GET ON THE BUS: Tara Whitsitt, founder of Fermentation on Wheels, will bring her mobile cultured-food education project to Asheville in April. Photo courtesy of Tara Whitsitt

Fermentation on Wheels

Traveling food-preservation-education project Fermentation on Wheels will bring its mobile classroom and fermentation lab — a converted 1986 International Harvester school bus — to Asheville for a donation-based food starter-culture exchange, workshop and community potluck the weekend of April 5-6. The visit is one stop on a joint tour with the nonprofit Fermenters Club that will end in mid-April in Nasheville, Tenn.

The tour's events, says Fermentation on Wheels founder Tara Whitsitt, are meant to “serve as a way to bridge communities and restore a genuine fascination and interest in local, traditionally preserved foods.” 

Whitsitt created her mobile workshop in 2013 in Eugene, Ore. and has since traveled the country presenting vegetable-ferment classes. Both Fermentation on Wheels and Fermenters Club aim to teach and encourage people to make and share their own living, probiotic foods.

A fermentation workshop will be held at 2:30 p.m. Saturday, April 5, and a fermented-foods potluck will be held 4-8 p.m. Sunday, April 6, both at Green Hill Urban Farm, 30 Green Hill Ave., Asheville. Details:,, RSVP: — Gina Smith

Dean Ornish dinner event

Mountain Area Health Education Center (MAHEC) will host Dr. Dean Ornish at 6 p.m. Thursday, March 27, at Asheville Community Theatre for an event centered on educating the community about food, chronic disease and aging. Ornish, a best-selling author and a clinical professor of medicine at the University of California, will discuss sustainable nutritional practices that are good for the health of both humans and the planet.

The event will also serve as an introduction to the professional catering world for Dava Melton, founder of Blessed 2 Cook, who will provide a locally sourced, small-plate menu designed to correspond with Ornish's lecture.

Ornish's lecture is part of the Integrative Health Conference held by MAHEC and will be followed by a book signing. Tickets are $45. Meal begins at 6 p.m., lecture begins at 7:15 p.m. Thursday, March 27, at Asheville Community Theatre, 35 E. Walnut. Tickets: Hall

New territory for French Broad Chocolate Lounge

French Broad Chocolate Lounge recently announced plans to move from its bursting-at-the-seams original location at 10 S. Lexington Ave., where it has been for most of its six years in business. Lounge owners Dan and Jael Rattigan have signed a 10-year lease on the first floor of the historic Legal Building, previously Sun Trust Bank, at 10 S. Pack Square and are beginning renovations on the space this spring. Plans for the new location include scratch-made ice creams, a separate retail space for takeout items, greater seating capacity (including outdoor seating on Pack Square) and an expanded chocolate selection.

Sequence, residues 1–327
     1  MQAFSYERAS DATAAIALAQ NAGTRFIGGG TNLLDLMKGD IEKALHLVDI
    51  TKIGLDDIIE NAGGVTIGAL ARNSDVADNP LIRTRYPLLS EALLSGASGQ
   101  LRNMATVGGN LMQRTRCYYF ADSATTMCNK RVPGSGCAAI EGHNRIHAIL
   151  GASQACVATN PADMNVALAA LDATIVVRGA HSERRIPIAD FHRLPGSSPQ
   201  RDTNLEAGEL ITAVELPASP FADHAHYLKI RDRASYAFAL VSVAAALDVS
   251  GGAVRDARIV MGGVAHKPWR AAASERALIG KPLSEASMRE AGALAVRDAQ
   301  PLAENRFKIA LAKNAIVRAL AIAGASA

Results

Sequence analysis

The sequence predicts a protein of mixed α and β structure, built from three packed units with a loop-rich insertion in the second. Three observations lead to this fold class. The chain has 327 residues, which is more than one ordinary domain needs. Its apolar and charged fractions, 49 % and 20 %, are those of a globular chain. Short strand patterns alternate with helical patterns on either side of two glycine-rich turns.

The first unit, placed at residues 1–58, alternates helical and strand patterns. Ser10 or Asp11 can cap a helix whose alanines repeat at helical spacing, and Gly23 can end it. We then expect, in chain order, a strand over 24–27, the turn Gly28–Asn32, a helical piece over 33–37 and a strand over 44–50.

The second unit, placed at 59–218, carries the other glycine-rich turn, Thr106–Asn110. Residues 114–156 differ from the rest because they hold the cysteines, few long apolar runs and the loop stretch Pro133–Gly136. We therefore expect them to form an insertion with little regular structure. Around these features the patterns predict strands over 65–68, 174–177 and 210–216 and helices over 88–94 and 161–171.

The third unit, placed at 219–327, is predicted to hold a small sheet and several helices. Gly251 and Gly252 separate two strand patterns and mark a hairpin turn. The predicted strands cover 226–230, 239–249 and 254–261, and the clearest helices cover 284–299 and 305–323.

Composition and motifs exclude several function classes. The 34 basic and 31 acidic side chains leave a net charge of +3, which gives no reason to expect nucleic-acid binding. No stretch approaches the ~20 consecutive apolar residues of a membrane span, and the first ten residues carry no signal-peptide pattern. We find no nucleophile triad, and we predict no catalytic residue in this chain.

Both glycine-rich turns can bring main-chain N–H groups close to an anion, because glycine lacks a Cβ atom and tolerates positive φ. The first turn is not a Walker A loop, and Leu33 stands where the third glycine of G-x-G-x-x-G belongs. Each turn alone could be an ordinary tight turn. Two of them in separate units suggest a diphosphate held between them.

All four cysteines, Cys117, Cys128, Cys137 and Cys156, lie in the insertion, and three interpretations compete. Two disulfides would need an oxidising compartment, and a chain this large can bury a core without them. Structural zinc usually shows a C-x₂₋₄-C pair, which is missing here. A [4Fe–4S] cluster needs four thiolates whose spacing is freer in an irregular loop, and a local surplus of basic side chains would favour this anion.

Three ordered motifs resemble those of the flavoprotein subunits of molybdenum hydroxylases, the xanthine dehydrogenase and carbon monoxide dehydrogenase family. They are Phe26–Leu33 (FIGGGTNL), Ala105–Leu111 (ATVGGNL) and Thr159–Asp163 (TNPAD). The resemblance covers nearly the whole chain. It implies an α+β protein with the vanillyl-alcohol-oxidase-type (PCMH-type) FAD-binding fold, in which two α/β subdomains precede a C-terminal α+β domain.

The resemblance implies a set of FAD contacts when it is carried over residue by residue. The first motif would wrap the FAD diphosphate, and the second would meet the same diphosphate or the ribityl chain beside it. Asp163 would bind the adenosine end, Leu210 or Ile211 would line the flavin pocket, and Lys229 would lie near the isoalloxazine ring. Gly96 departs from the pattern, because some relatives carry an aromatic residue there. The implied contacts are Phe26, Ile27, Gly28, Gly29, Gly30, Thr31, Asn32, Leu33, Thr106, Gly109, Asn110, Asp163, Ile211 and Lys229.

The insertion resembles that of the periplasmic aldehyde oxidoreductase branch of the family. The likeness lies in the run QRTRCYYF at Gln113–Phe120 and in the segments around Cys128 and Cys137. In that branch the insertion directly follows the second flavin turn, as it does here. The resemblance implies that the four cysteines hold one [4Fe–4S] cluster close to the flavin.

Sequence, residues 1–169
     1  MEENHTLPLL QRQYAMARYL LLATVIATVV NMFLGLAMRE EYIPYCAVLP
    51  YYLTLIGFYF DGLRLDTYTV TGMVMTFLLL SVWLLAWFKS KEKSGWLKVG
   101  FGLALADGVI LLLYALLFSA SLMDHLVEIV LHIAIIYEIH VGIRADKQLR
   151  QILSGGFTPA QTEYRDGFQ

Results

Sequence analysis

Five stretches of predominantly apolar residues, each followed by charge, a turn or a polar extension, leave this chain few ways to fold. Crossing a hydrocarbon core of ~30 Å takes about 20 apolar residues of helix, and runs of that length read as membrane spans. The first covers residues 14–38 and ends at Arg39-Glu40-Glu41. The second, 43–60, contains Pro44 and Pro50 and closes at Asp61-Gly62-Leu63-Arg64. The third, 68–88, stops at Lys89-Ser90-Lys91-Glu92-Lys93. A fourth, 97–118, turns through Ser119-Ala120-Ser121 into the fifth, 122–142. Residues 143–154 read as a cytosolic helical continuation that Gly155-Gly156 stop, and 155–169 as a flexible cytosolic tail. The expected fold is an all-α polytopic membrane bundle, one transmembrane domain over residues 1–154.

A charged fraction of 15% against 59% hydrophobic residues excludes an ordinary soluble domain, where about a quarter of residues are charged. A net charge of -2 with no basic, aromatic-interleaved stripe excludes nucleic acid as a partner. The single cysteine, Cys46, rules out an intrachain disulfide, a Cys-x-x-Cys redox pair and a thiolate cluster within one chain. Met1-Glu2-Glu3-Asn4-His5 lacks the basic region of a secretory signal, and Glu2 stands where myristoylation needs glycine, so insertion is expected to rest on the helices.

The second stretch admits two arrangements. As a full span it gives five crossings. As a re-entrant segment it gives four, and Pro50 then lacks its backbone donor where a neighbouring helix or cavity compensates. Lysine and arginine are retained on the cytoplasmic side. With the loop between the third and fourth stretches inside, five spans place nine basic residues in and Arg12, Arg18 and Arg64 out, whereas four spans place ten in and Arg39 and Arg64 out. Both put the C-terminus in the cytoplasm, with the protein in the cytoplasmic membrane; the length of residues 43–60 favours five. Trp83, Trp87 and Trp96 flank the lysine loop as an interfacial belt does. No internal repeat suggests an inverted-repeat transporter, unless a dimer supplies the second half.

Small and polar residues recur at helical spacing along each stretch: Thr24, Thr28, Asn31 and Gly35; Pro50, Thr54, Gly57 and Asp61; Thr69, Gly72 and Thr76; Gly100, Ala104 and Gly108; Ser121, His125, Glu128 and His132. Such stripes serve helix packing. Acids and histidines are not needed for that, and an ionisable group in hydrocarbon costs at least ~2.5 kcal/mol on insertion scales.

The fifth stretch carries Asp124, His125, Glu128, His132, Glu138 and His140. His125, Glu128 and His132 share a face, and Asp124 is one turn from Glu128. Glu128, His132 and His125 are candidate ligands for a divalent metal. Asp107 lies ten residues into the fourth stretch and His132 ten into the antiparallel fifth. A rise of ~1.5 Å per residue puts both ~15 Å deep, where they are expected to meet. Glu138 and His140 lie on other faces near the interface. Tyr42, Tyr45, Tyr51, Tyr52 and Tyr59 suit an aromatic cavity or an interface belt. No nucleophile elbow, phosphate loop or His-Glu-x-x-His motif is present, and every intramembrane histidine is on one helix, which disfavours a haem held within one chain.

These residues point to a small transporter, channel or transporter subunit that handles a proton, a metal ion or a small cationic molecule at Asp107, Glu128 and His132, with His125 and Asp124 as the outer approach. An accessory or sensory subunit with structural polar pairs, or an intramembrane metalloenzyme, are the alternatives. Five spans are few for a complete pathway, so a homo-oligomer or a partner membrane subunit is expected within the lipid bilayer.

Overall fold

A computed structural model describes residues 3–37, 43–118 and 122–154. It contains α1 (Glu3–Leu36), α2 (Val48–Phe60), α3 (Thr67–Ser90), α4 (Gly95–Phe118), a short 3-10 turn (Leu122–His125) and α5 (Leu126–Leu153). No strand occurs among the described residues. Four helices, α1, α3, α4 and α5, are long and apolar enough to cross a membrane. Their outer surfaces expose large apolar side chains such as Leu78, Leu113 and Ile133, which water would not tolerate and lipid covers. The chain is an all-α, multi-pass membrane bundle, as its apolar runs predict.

Tupelo Honey keeps growing

With Tupelo Honey Café's $330,000 renovation project on its downtown location slated to be completed this week, the restaurant has also announced plans to expand into the Atlanta market. Tupelo Honey's first Georgia location, scheduled to open sometime in 2015, will be part of a 21-acre, mixed-use development being constructed in Sandy Springs, just north of Atlanta. The restaurant already has five other out-of-market locations in Charlotte, N.C., Greenville, S.C. and Knoxville, Chattanooga and Johnson City, Tenn., in addition to its two original Asheville stores. The revamped College Street restaurant will reopen at 9 a.m. Friday, March 28, and an open house will be held to celebrate the upgrades 3-5 p.m. the same day. Free appetizers will be offered, and the first 25 customers will receive a copy of the restaurant’s new cookbook, Tupelo Honey Cafe: New Southern Flavors From The Blue Ridge Mountains. The first 100 customers will receive a free pint glass. Info: — Gina Smith

Farmer and Chef Asheville cookbook

Farmer and Chef South, a media resource on Southern food trends, has a cookbook in in the works for late 2014 that will focus on Asheville's food culture. According to Christine Sykes Lowe of Farmer and Chef, the cookbook will feature “farmers who preserve Appalachian mountain heritage and the chefs who make the city of Asheville a ‘Foodtopia’ destination, as branded by the Asheville Convention and Visitors Bureau.” The Asheville cookbook project is Farmer and Chef South's first in a planned series of publications aimed at spotlighting Southern cities with thriving food communities. Farmer and Chef also hosts quarterly events focused on food, drinks and sustainability, among other activities. — Gina Smith


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